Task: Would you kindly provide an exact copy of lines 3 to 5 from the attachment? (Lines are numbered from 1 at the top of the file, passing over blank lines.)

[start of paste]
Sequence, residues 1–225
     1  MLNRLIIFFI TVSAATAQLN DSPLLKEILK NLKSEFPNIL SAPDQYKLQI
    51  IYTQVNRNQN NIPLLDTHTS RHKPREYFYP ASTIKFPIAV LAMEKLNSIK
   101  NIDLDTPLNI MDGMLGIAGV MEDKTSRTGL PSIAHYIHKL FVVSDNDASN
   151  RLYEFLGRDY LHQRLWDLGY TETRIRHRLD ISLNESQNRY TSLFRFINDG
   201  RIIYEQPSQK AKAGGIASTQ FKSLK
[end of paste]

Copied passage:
    51  IYTQVNRNQN NIPLLDTHTS RHKPREYFYP ASTIKFPIAV LAMEKLNSIK
   101  NIDLDTPLNI MDGMLGIAGV MEDKTSRTGL PSIAHYIHKL FVVSDNDASN
   151  RLYEFLGRDY LHQRLWDLGY TETRIRHRLD ISLNESQNRY TSLFRFINDG